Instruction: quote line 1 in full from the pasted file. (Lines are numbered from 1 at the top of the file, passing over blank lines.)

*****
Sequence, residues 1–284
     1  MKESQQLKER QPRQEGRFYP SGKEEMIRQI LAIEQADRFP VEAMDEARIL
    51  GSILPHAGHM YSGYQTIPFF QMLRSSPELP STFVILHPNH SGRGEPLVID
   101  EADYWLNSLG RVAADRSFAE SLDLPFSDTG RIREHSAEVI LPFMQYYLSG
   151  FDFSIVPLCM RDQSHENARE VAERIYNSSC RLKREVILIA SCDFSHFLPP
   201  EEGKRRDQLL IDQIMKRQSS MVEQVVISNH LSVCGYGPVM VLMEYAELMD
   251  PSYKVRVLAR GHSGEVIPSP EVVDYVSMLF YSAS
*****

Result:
Sequence, residues 1–284